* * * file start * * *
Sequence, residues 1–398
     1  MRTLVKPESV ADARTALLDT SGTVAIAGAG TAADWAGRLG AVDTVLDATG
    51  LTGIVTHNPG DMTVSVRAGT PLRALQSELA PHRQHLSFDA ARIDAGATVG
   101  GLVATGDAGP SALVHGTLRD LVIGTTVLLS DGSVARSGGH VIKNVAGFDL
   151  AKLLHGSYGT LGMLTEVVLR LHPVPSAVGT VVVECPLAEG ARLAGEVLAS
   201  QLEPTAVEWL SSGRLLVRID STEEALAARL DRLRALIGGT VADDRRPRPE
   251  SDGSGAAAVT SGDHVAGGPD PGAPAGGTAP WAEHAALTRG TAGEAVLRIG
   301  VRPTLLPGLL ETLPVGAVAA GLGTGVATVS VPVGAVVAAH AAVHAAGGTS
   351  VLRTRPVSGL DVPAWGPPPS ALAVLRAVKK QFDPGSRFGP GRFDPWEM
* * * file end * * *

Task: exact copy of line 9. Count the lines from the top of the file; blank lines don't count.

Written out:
   351  VLRTRPVSGL DVPAWGPPPS ALAVLRAVKK QFDPGSRFGP GRFDPWEM